Image: The RealReal

Soaring demand for secondhand luxury goods was one of the key trends that Bain & Co. analysts highlighted in 2021, with the management consulting firm valuing the luxury resale segment at €33 billion ($37.45 billion) as of the close of the year. On the heels of luxury resale site The RealReal focusing heavily on the impact of enduring supply chain disruptions on demand for pre-owned products in its 2021 Consignment Report, Bain analysts stated that growth in the value of the secondary luxury market also had to do with a rise in supply in the space, reflecting “an increased supply of [pre-owned goods] from an expanding arena of players in the segment.”

In a secondary market-focused report this week, Bain’s Claudia D’Arpizio and Federica Levato stated that not only is the resale market proving to be a “powerful way for brands, fashion platforms, and investors to extend the lifetime of luxury products and show their commitment to sustainability,” secondhand sales are offering brands with “an additional distribution channel that is gaining share within the larger luxury ecosystem.” (As TFL previously reported, resale is a way for brands to “gain an additional point of access to entry-level luxury spenders in much the same way as more accessible, lower-priced, and oftentimes licensed products do.”)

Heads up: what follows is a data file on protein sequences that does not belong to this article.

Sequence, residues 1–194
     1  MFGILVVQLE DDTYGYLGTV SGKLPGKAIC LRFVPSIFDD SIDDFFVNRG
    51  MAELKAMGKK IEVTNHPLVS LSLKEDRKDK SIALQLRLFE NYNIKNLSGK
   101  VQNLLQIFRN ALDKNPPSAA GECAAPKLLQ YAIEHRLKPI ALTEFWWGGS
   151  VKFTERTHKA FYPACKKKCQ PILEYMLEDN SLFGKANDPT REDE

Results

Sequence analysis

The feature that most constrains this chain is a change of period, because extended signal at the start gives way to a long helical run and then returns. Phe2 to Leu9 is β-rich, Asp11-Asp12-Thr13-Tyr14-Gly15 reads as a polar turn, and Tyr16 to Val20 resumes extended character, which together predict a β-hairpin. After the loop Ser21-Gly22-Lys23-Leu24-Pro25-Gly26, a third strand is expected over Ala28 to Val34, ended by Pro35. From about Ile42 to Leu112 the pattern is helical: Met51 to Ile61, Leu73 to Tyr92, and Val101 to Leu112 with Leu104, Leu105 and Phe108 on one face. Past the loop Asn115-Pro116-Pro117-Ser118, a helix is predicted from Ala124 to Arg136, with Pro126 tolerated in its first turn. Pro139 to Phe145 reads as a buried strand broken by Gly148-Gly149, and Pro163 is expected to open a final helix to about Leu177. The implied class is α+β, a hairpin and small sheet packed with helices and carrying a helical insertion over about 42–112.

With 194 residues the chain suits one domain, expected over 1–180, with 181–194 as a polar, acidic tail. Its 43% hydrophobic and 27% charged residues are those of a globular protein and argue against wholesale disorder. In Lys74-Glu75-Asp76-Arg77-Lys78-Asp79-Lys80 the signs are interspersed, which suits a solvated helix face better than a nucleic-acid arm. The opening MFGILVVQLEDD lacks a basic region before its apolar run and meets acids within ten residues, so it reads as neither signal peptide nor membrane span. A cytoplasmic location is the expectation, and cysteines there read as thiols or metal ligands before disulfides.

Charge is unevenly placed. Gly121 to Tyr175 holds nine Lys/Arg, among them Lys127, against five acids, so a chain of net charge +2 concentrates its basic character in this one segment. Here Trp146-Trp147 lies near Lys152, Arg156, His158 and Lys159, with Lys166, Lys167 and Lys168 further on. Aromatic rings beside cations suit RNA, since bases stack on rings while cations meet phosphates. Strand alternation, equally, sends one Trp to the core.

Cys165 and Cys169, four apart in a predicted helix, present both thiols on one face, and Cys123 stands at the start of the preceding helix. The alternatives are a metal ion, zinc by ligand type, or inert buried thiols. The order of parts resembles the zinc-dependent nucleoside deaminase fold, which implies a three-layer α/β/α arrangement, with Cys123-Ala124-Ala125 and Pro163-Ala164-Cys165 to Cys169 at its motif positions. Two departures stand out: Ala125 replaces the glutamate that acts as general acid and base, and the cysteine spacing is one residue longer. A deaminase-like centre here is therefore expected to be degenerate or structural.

Beyond that, D’Arpizio and Levato note that the “network-based nature of secondhand luxury retail (and its capacity to give brands a richer, data-led understanding of young consumers’ behavior) is another plus” for the increasing number of luxury participants in the space. Efforts in the resale segment range from those of Alexander McQueen, for instance, which partnered with secondhand luxury marketplace Vestiaire Collective as part of its “Brand Approved” program, to Gucci, which launched an in-house venture to curate and offer up a selection of pre-owned items by way of its Vault initiative. 

Despite the rising adoption of pre-owned endeavors by luxury brands, “there are still a few points to solve,” the Bain analysts assert. Among them are “creating a compelling value proposition, cracking operational complexity (e.g., authentication, start-up stock, and margins), defining a winning branding (or rebranding) strategy, maximizing customer outreach, and ensuring that the resold items are valued and priced properly.” Many of these concerns are likely a large part of what is driving brands to take a more active role in the space, by way of partnerships with – and/or investments in – existing pre-owned players (Kering and its controlling shareholder Groupe Artemis have invested in resale entities, including Vestiaire, Grailed, and GOAT, while Chanel has a stake in Farfetch, which boasts a resale arm) and ventures of their own. 

Currently worth more than €30 billion, which is a rise of 65 percent from 2017, Bain projects that the preowned luxury market “can keep surging,” and continue to outpace the market for new products if brands address these issues.